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Left bruised and battered

Carterton woman Val Tapp, 91, at the spot where she fell last Thursday, tripping on cracks in the footpath. PHOTO/KAREN COLTMAN

KAREN COLTMAN
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Carterton woman Val Tapp’s face is black and blue and one of her eyes still bright red after she tripped on a large, raised crack in the footpath on Belvedere Rd last Thursday.

Tapp, 91, who was hospitalised for three days, said doctors were concerned she might have had a brain bleed.

She said on Monday she was still suffering bad headaches from the lump on her head and felt her face looked too “ugly” for her to go to her weekly housie game.

Tapp says her vision in her right eye is still impaired as the swelling hasn’t gone down, but she is taking extra pain killers. She has been in touch with the council about the footpath.

“They need to know that these raised cracks on the footpaths are dangerous for the elderly, and there are plenty of us around here,” Tapp said.

The council has confirmed it received a call about the cracks on the Belvedere Rd footpath from Tapp.

A spokesperson said it had made an urgent service request for a staff member to review the area “with a view to make urgent repairs”.

Tapp takes a walk most days and was going to the dairy at about 6pm that day for a loaf of bread when she tripped and landed on her face just before the Belvedere Store.

The owners came out to help her and called for an ambulance.

Store owner Divya Patel said that the cracks on the footpath were large and dangerous near the store.

“The egg on her head was huge,” Patel said.

“She is lucky really, but these cracks are dangerous for the elderly. In fact they are dangerous for everyone walking for exercise.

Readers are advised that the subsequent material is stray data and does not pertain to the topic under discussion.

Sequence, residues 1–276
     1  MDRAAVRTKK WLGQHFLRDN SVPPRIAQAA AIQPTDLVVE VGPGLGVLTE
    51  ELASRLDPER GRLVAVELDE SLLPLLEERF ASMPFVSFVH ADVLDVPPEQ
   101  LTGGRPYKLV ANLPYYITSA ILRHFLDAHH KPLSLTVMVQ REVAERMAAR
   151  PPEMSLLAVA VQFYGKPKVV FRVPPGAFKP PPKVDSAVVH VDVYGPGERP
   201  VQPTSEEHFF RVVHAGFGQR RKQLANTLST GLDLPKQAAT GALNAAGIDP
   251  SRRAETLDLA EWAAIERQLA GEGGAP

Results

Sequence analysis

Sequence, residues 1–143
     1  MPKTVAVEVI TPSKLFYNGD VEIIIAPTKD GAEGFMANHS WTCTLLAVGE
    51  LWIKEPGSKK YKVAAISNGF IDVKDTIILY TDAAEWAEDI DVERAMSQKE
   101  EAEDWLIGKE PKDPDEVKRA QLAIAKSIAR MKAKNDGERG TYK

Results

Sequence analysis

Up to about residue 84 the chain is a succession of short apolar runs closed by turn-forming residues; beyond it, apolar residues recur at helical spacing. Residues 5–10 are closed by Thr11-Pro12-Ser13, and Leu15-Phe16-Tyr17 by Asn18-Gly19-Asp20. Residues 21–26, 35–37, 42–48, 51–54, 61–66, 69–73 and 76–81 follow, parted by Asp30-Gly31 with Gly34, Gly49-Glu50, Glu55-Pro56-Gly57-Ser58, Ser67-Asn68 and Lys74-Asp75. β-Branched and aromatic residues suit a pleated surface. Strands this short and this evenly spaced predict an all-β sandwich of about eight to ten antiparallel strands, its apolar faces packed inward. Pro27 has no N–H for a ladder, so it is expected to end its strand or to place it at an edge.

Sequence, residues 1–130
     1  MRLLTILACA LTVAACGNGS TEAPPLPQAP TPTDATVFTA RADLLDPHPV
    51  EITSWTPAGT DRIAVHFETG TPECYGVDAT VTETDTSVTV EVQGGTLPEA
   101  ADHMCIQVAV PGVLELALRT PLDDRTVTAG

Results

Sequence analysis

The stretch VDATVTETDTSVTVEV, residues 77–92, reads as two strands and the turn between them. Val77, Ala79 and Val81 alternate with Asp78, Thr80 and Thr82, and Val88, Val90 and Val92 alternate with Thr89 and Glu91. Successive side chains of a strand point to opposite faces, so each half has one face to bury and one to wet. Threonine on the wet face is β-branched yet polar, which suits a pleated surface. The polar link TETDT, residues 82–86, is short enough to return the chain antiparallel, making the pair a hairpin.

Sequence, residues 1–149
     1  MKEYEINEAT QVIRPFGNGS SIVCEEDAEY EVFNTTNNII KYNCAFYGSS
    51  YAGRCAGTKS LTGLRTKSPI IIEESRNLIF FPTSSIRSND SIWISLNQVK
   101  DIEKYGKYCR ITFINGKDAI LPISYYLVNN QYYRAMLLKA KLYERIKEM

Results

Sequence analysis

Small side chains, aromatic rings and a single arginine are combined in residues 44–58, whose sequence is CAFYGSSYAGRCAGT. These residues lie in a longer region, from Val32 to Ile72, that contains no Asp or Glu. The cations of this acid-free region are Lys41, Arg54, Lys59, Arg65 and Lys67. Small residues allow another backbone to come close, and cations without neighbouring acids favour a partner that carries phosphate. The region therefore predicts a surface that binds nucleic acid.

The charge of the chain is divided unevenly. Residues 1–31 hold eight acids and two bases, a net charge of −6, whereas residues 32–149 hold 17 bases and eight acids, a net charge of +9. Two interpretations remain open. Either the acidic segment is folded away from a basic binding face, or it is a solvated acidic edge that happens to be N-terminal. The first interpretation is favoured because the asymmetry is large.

“The older ones in particular need to walk to keep fit and the council needs to prioritise making them safer,” she said.

Carterton District Council councillor Rob Stockley heard Carterton resident Neil Hickland’s address to the infrastructure and services meeting on November 11 about overhanging trees, tree roots, and other footpath hazards.

Subsequently, he decided to walk with Hickland on his usual daily 45-minute walk a week ago.

He said he told Hickland it was a good idea for people to contact the council when they saw things around the neighbourhood they wanted fixed.

“It is good if residents can get on to the council website and go to the ‘contact us’ tab and put in a service request to draw attention to the problem,” Stockley said.

“We would like to prevent accidents and know about hazards in advance. There is a budget allocated each year for footpath maintenance, and so it is useful to be made aware of problem areas,” he said.

Infrastructure, services and regulatory manager David Gittings said the council prioritises footpath renewals based on the proximity to locations relevant to older people and makes urgent repairs to any areas which pose a health and safety risk.

Council had allocated $95,000 to be spent on footpath resurfacing for the year ending June 2021 and $315,900 for ‘pavement rehabilitation’.

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